Choose Your Own Adventure: The Immigration Office

galahad_grail

As you may have heard, the immigration office in any country is not the most forgiving place. In fact, I’ve often thought of it as less of a destination and more of an adventure. And like all good adventures, there’s a hero, a quest, and the impending doom of being scowled at by a dragon behind a desk. That’s why I’ve taken it upon myself to write my very own “Choose Your Own Adventure” for the Ausländerbehörde in Germany (with limited coding knowledge). Enjoy!


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You enter the building. Immediately in front of you is a line of people trying to get an appointment. You:
Stand in line with the rest of them
Go home
Attempt to cut in line
Realize you made an appointment online

waiting_line_to_jolla_love_room_with_marc_-_klausk


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You wait with the rest. Your slowly decaying corpse is found months later, paperwork still clutched in its hands. Start over.

 


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You leave the building thinking to yourself, “HA! I’m an expat who doesn’t speak German! Nothing bad will happen to me!” You are deported two weeks later. Start over.

 


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You tap someone on the shoulder and step in front of them as they turn around. They do not appear to notice/care that you cut, but the German desk clerk notices and waits until you are at the desk to send you to the back of the line– cutting ist nicht im Ordnung.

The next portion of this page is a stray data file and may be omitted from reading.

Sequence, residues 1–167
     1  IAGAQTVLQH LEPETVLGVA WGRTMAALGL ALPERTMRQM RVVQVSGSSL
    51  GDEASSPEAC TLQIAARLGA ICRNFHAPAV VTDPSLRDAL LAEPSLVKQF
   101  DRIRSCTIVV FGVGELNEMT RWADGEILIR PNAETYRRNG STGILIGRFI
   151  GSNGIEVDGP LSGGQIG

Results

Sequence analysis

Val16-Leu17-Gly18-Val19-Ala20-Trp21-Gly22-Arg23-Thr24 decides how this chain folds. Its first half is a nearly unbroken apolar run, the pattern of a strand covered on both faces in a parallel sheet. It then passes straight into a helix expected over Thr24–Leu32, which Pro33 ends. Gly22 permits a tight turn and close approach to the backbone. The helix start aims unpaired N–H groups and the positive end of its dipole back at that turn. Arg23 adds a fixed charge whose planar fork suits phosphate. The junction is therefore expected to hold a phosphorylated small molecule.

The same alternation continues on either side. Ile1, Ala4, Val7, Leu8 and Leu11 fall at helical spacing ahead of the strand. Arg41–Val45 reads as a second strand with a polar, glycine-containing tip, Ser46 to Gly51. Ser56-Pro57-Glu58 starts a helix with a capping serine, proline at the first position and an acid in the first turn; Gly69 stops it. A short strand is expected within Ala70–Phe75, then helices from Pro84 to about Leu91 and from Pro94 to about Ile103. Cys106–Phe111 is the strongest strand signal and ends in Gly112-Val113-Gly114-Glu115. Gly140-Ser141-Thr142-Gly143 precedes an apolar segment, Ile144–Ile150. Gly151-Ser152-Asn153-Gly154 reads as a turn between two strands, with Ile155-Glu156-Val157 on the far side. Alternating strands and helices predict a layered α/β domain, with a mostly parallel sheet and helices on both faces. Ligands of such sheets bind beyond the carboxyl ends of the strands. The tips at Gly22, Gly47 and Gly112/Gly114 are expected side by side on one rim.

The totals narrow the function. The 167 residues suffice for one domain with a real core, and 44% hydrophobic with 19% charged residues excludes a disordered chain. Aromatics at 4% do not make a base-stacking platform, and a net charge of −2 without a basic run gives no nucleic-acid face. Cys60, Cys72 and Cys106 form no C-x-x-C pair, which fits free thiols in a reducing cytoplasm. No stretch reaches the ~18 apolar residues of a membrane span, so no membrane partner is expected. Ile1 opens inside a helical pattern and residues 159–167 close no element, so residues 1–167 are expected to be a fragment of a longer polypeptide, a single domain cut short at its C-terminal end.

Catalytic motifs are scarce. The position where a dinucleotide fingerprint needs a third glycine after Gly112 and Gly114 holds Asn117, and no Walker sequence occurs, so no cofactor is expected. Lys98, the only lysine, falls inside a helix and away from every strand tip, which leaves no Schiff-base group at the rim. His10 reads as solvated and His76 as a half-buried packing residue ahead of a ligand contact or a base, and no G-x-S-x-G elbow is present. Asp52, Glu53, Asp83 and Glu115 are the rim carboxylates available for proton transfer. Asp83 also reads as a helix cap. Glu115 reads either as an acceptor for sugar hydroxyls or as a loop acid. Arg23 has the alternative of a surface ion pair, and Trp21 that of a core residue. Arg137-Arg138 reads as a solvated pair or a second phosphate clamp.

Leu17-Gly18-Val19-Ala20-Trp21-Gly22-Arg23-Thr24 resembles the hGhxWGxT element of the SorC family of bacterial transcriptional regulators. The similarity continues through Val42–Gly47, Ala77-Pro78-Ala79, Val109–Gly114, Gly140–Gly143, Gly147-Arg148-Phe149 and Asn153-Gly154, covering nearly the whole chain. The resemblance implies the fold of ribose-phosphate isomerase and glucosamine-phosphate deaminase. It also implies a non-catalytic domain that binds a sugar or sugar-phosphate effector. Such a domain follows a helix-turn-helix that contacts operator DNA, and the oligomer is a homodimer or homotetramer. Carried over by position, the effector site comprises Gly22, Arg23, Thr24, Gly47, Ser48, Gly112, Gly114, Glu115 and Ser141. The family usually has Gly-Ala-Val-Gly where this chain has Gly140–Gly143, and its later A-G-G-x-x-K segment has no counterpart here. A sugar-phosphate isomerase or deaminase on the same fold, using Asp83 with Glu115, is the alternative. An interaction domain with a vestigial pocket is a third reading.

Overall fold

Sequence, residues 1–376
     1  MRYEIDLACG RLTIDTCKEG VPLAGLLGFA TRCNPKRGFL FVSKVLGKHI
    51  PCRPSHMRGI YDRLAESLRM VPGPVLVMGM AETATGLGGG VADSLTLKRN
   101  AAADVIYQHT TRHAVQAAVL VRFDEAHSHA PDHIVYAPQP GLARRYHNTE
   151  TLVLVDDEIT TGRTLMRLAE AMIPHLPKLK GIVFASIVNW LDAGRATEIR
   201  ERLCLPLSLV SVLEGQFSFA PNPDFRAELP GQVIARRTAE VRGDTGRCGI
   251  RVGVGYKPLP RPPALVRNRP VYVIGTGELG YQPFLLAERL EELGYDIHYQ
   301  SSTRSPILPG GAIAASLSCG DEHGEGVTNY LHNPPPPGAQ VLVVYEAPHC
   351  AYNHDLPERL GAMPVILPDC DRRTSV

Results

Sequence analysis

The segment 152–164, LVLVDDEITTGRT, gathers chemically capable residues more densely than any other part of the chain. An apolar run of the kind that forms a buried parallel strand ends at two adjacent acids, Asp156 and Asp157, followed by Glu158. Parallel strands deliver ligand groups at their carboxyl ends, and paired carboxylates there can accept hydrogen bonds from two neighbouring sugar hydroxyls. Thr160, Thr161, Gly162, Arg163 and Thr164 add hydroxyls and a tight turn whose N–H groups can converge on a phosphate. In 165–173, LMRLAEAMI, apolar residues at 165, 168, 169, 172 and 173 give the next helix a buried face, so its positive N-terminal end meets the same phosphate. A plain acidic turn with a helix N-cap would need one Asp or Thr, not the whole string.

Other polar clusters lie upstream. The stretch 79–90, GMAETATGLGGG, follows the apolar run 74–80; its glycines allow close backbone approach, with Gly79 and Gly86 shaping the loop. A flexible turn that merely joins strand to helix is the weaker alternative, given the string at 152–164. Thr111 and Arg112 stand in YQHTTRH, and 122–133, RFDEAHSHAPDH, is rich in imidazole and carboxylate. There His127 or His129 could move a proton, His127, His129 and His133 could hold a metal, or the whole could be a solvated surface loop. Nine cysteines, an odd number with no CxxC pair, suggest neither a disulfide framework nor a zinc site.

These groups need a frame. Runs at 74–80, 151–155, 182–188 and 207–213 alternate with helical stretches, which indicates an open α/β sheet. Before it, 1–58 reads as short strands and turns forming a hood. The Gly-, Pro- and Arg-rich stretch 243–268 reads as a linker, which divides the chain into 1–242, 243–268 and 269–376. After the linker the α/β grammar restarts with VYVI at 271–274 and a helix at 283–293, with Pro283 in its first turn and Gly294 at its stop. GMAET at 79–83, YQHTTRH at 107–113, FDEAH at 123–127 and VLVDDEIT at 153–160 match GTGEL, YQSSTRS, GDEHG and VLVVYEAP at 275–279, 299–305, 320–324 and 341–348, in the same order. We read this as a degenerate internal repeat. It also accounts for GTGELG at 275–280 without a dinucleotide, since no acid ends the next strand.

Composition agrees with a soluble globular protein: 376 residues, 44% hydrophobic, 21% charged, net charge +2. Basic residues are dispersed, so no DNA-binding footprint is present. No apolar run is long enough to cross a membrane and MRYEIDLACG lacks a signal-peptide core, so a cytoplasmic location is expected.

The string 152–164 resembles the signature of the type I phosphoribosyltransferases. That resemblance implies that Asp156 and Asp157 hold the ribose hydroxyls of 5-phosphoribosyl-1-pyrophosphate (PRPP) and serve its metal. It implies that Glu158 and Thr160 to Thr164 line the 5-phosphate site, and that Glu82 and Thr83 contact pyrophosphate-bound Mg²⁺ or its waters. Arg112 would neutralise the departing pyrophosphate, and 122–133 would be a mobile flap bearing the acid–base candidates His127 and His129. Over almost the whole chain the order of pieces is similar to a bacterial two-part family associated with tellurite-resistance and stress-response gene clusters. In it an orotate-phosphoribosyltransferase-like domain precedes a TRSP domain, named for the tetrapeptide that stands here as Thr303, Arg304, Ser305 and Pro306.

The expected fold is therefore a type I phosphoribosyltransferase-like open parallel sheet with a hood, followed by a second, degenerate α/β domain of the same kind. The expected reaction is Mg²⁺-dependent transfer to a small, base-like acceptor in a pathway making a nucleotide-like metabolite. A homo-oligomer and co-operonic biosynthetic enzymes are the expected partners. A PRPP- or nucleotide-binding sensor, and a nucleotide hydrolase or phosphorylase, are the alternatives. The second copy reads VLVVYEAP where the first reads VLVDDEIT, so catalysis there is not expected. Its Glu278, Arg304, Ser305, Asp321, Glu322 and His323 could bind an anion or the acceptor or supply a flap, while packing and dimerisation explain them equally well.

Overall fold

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You recall that you made an appointment online. Good thing, too- waiting in line looked dicey! Heck, you’re even early! As you approach the waiting room, you notice a strange machine on the wall- kind of like and ATM or cigarette machine. You:
Investigate the machine
Ignore the machine

question-mark-1019820_960_720


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Upon closer inspection, you notice that the machine is only accepting cash. You take a look in your wallet and realize you don’t have any cash. You use the time you saved by arriving early to go to an ATM and withdraw cash before returning to the waiting room.

 


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You sit in the waiting room. Ahead of you is a TV with the current queue of people ahead of you. After waiting 20 minutes past your appointment, you:
Go to ask the desk if it will be much longer
Decide to sit and wait longer
Decide to leave

ccbrt_disability_hospital_waiting_room_1_10679012155

 


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The clerk stares at you. They ask you if you have any idea what you are doing. You:
Arrogantly demand that they treat you with respect
Inform them that you have the necessary paperwork
Decide to leave

don-draper-shrug

 


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How DARE THEY treat you like dirt? You let it out- “I AM A PERSON! I DEMAND TO BE TREATED LIKE A GUEST IN YOUR COUNTRY! YOU SHOULD BE COUNTING YOUR LUCKY STARS I EVEN CAME HERE!” The clerk stares at you. They roll their eyes and ignore you (Germany’s doing juuuuust fine without you). You:
Return to the waiting room
Storm out

 


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Politely, you pull out your email confirming the appointment. You have discovered the Ausländerbehörde’s biggest weakness- paperwork! The clerk has no choice but to usher you into another office where another clerk waits. The clerk asks you to present your documentation. You:
Pull out the exact forms that are needed
Take out scraps of paper in a folder
Pull two binders of documents out of your bag

paperwork_-_by_tom_ventura